The Pricing Puzzle

In the twenty seven years I have been selling real estate I have learned that the biggest misconception about our industry is home prices. Selling your home is so different because it almost always includes emotion.

Selling your lawn mower on Craig’s list is not emotional.  A home is the place you raised your family or where you planted hundreds of tulips or cooked many special dinners.

Putting a value on your home is painful because some things are priceless. An agent knows you have heart in this but they know the buyer will be looking for value of a different kind.

They may not appreciate the growth chart on the garage wall but may love the size of the garage. Your agent will help you navigate the transaction, and will respect the emotional value on your home.

How do you determine the price of a home?

When you decide you are going to sell your home and you consult with a specialist, what will be the criteria they use to help you price your home. Three factors a Realtor uses are;

1.Condition and updating. The more you do to your home the more a buyer will be willing to pay. Buyers pay for the WOW factor in a home. They do not pay for the home improvements that are maintenance items. They fall in love with WOW but they become convinced this is the right home based on the improvements. Examples would be a new heating and air conditioning system or new windows. Word of warning, appraisers may not give credit for updating that you would expect.

It can break your heart to have someone in love with your home and the last piece of the pricing puzzle not fit. Appraisers look at square footage and price of homes sold but do not give value for the same improvements the market will.

  1. Square footage is the most scientific part of pricing a home. Other homes in your neighborhood sold for $135.00 per square foot, your home should sell for close to $135.00 per square foot.
  1. Price of homes that sold in the past 6 months that are similar yours. Using a combination of  condition and square footage a Realtor will research the homes most like yours that have sold recently. This enables them to arrive at an approximate market value for your home.

Who determines the price of a home ?

If you are selling a car you look up the Blue Book value. This tells you what cars like yours in the same condition are selling for and gives you a number. Real estate has no “Blue Book” because each home is unique.  The estimate of value a Realtor uses for real estate is a Comparative Market Analysis (CMA). This is the comparable value of homes that are most like your home.   

A Realtor can provide the information to the seller, but the seller chooses the listing price. If the seller ignores the market and prices based on need to get a certain price, they will be setting themselves up for a a great deal of stress and maybe failure.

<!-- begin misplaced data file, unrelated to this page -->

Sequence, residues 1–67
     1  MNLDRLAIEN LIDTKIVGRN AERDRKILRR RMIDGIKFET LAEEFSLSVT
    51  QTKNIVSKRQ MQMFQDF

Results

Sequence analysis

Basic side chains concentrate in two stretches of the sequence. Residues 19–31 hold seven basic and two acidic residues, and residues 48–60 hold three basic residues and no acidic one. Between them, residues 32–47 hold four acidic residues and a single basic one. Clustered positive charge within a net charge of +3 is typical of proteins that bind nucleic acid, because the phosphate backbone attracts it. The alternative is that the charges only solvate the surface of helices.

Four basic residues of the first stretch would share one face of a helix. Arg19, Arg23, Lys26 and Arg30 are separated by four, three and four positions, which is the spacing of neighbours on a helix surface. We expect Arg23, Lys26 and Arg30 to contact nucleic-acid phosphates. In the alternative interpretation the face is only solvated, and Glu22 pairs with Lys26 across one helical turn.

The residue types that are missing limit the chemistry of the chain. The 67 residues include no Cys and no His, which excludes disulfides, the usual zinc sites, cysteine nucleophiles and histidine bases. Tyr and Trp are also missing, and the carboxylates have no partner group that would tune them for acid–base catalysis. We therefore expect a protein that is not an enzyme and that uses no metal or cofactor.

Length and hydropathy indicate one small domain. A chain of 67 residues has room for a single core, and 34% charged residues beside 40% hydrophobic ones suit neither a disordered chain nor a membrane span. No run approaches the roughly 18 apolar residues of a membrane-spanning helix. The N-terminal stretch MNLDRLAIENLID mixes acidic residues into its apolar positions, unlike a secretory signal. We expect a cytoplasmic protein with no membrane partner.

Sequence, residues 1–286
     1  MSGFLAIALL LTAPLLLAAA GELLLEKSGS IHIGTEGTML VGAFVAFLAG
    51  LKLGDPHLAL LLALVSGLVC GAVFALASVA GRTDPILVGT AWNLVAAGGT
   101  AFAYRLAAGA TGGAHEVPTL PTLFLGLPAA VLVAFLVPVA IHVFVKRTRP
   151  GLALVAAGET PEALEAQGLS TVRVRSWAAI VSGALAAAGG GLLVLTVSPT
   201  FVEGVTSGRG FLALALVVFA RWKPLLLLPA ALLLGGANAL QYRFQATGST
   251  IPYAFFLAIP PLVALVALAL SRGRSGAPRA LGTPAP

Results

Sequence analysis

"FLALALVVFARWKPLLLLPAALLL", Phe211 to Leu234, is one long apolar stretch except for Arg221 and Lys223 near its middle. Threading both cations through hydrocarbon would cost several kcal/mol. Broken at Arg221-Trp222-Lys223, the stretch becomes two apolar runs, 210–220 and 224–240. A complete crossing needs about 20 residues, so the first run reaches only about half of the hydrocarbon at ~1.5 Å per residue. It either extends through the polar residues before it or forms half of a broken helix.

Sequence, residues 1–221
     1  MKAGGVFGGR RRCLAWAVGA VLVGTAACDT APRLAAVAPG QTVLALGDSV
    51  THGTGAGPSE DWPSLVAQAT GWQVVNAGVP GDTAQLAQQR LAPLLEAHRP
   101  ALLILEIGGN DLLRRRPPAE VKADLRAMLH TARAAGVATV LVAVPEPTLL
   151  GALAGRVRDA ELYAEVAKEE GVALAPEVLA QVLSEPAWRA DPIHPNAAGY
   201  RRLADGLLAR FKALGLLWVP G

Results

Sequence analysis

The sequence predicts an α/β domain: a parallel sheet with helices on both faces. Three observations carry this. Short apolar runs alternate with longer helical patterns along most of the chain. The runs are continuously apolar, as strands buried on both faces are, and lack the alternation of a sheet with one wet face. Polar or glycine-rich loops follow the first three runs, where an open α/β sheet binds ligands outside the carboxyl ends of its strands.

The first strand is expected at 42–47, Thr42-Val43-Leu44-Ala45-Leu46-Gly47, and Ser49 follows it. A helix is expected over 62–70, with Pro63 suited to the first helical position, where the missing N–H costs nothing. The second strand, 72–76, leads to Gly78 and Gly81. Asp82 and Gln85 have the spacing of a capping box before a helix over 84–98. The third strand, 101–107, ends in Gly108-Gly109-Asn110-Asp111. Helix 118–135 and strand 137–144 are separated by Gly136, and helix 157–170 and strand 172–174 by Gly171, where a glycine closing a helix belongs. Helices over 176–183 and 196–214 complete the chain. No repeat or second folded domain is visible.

Sellers understand when they are selling stock that there is a certain value for their Apple stock. You call your stockbroker or go online to determine what Apple is selling for. The broker cannot make that stock’s value change. No matter how much a seller needs when they sell their Apple stock, the value will not change to meet the sellers needs. The same is true for home values. No matter how much a seller needs to accomplish their goals, the market will only be what the market is and will not rise to meet their needs.

Your home’s listing price is yours to determine. Your Realtor gives you their professional opinion.You sign the listing agreement. You sign the sales contract based on what you are willing to take, and the buyer is willing to pay.

Some Realtors price homes low so they can sell them quickly.

As Realtors we pride ourselves on selling the highest priced home in a community. We are thrilled when a seller gets a great price and sells a home quickly.

We cannot ignore study after study that proves a seller who sells their home in the first 30 days gets the highest price with the least amount of hassle. Study after study shows the longer a home stays on the market the lower the offers. A home hits the market and there is excitement. A pool of buyers who are looking for a home of this type, in this area, will want to look immediately.

If the home is priced too high, buyers may not look at the home. Contrary to what some might think, most buyers will not come in with a low offer on an over-priced home. They instead let you know your home is overpriced by not making an offer or not looking at it.

Most buyers feel no sense of urgency. They vote with their feet. They walk away from your home if it is overpriced. The same buyer will also let you know if your price is at or below market value.

If the home is at or near market price, buyers will feel a tremendous sense of urgency to write an offer. I have had the privilege of selling more homes in the Peachtree Corners area than any other Realtor. That means that in some cases I sold the highest priced home in a neighborhood. It also might mean that I sold the lowest priced home in the neighborhood.

Questions about real estate, give me a call at 404-955-7653 or email me at Nancy@Minor.net.